The prophets spoke for God when no one else would. They stood alone in the face of opposition and persecution. They wept and prayed over sin. They embraced the unpopular reception of their preaching. Yet the prophet that most of us are familiar with is the one who ran from God, and he ran as fast as he could in the opposite direction. (Jonah 1:1-3)
Whether disobedient or obedient, Jonah couldn’t get it right. He was compassionate to sailors taking him away from the will of God (1:4-16), and he was angry because the Ninevites repented when he warned them to (3:3-10). In both cases, God used him as a catalyst for deliverance, but in each case it was obvious that he could not take the credit.
In the belly of the fish, Jonah found himself in a place of confinement, a restricted place with apparent inescapable limits. His experience was intensified as a result of that compression. He concentrated, he focused, and he was attentive. He prayed! His prayer was translated to hope. Illusion was translated to reality. And death was translated to resurrection. Notice that his prayer was not spontaneous… it is a psalm. The Psalms are prayers that are adequate for the complexities of living. They teach us an adoration of God, and they direct us on pilgrimage to God.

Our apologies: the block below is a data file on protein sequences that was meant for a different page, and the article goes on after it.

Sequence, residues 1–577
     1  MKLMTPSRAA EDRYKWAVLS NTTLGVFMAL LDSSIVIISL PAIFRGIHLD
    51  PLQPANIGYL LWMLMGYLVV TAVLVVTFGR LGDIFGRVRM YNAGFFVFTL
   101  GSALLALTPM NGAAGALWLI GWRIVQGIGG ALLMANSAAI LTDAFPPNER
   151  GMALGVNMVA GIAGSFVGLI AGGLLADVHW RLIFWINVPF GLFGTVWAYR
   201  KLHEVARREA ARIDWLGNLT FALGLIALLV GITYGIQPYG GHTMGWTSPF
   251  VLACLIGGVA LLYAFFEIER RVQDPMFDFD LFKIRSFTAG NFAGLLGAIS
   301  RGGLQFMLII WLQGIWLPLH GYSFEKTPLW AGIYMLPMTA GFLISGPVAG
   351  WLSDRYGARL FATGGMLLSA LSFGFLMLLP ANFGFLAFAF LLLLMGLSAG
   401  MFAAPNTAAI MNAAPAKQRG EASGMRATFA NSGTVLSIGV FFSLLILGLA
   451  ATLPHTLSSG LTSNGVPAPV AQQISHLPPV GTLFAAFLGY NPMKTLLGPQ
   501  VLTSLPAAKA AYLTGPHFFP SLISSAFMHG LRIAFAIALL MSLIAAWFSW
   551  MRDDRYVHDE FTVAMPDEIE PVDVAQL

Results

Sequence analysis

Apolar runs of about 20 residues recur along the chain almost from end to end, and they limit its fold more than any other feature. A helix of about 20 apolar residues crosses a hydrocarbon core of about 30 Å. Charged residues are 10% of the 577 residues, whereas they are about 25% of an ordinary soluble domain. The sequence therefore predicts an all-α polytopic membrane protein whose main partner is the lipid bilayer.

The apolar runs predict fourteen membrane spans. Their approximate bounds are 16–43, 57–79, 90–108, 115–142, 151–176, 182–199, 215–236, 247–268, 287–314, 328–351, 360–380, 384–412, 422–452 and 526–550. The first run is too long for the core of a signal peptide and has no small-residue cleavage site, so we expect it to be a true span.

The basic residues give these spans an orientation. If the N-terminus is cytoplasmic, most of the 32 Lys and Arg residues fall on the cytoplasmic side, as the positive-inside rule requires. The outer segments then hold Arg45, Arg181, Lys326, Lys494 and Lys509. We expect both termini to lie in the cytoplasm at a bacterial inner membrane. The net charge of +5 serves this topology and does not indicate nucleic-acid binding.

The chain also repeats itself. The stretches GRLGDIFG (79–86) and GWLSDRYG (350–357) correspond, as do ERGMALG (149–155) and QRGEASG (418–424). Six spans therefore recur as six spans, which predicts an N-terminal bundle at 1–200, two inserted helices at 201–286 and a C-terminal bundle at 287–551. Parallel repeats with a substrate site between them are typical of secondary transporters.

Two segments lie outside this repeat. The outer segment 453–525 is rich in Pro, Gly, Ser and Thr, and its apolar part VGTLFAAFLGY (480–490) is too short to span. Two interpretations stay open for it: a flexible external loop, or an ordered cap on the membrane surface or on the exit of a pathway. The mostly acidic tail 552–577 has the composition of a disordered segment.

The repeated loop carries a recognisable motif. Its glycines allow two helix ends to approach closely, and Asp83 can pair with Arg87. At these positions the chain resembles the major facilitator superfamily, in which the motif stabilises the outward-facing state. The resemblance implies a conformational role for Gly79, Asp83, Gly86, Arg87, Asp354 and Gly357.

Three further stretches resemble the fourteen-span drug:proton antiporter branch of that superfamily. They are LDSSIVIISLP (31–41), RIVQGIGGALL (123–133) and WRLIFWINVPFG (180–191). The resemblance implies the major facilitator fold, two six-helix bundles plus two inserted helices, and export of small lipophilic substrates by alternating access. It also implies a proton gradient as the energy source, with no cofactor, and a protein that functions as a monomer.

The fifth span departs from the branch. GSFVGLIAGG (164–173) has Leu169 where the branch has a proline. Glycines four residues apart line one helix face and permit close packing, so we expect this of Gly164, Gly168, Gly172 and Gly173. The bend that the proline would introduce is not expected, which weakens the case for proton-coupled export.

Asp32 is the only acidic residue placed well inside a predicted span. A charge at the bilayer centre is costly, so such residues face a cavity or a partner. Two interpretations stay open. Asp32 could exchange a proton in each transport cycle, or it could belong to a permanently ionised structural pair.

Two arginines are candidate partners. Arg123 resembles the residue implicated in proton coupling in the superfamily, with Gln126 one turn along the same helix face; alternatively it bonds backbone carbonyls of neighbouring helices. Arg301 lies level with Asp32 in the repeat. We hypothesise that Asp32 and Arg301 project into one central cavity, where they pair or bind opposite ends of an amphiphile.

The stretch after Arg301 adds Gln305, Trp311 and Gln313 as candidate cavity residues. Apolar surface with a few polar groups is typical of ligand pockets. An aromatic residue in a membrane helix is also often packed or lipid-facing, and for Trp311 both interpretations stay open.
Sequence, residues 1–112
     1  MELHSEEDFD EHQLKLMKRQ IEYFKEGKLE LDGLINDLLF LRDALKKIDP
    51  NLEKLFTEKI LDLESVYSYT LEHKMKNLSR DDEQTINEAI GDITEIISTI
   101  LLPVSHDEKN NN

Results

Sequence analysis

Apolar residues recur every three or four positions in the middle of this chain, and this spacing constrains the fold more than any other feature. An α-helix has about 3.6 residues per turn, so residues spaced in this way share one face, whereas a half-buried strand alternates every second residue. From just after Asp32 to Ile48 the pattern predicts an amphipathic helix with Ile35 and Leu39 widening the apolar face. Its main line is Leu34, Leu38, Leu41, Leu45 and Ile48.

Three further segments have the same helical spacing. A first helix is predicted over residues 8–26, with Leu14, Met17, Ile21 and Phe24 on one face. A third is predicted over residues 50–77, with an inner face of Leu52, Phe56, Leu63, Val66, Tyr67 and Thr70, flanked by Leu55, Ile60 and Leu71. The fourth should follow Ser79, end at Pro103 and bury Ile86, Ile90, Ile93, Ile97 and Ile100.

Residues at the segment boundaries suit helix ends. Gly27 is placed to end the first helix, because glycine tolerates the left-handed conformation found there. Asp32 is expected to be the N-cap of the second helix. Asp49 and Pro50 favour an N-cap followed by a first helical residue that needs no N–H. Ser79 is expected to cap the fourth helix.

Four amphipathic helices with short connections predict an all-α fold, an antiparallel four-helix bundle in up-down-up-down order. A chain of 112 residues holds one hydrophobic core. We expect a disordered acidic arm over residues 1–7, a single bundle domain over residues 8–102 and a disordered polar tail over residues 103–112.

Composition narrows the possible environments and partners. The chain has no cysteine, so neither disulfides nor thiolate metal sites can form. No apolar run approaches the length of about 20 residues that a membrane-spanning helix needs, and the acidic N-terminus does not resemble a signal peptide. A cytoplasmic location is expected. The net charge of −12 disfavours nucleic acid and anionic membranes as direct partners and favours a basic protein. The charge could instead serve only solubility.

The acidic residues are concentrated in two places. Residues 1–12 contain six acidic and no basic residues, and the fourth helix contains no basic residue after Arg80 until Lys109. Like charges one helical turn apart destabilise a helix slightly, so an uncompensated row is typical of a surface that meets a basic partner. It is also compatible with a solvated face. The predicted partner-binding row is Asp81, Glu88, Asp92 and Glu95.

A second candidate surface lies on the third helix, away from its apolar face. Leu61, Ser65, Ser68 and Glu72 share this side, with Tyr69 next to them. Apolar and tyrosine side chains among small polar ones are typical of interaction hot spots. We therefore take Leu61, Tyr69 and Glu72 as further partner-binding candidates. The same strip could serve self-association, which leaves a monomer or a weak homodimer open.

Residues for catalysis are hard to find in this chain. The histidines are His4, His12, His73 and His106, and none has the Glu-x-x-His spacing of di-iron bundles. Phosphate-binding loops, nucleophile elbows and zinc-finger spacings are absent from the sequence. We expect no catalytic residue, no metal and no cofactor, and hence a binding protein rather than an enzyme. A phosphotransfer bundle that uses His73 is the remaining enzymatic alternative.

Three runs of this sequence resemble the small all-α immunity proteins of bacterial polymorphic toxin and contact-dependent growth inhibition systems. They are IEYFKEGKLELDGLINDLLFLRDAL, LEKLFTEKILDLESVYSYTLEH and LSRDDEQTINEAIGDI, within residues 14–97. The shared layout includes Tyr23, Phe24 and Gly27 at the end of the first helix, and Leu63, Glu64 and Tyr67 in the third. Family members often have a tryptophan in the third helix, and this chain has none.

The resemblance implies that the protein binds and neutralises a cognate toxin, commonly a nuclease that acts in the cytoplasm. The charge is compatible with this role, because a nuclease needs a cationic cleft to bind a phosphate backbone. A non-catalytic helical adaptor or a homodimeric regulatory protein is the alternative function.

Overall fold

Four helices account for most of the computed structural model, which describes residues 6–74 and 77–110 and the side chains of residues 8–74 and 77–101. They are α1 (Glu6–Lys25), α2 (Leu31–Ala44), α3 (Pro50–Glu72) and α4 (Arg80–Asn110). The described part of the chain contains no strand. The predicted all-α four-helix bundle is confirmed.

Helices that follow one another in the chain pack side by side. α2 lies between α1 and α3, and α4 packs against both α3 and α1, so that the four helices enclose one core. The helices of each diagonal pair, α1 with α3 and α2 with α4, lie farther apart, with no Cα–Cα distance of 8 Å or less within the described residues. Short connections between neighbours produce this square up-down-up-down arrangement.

Jonah’s story ends with him being angry and quarreling with God (4:1-9). God surprised him by acting in a way that Jonah had not prescribed. There seems to be no proper end to this story. Perhaps it is for the reader or the hearer to respond with a personal answer. (4:10-11) Perhaps it is the same today?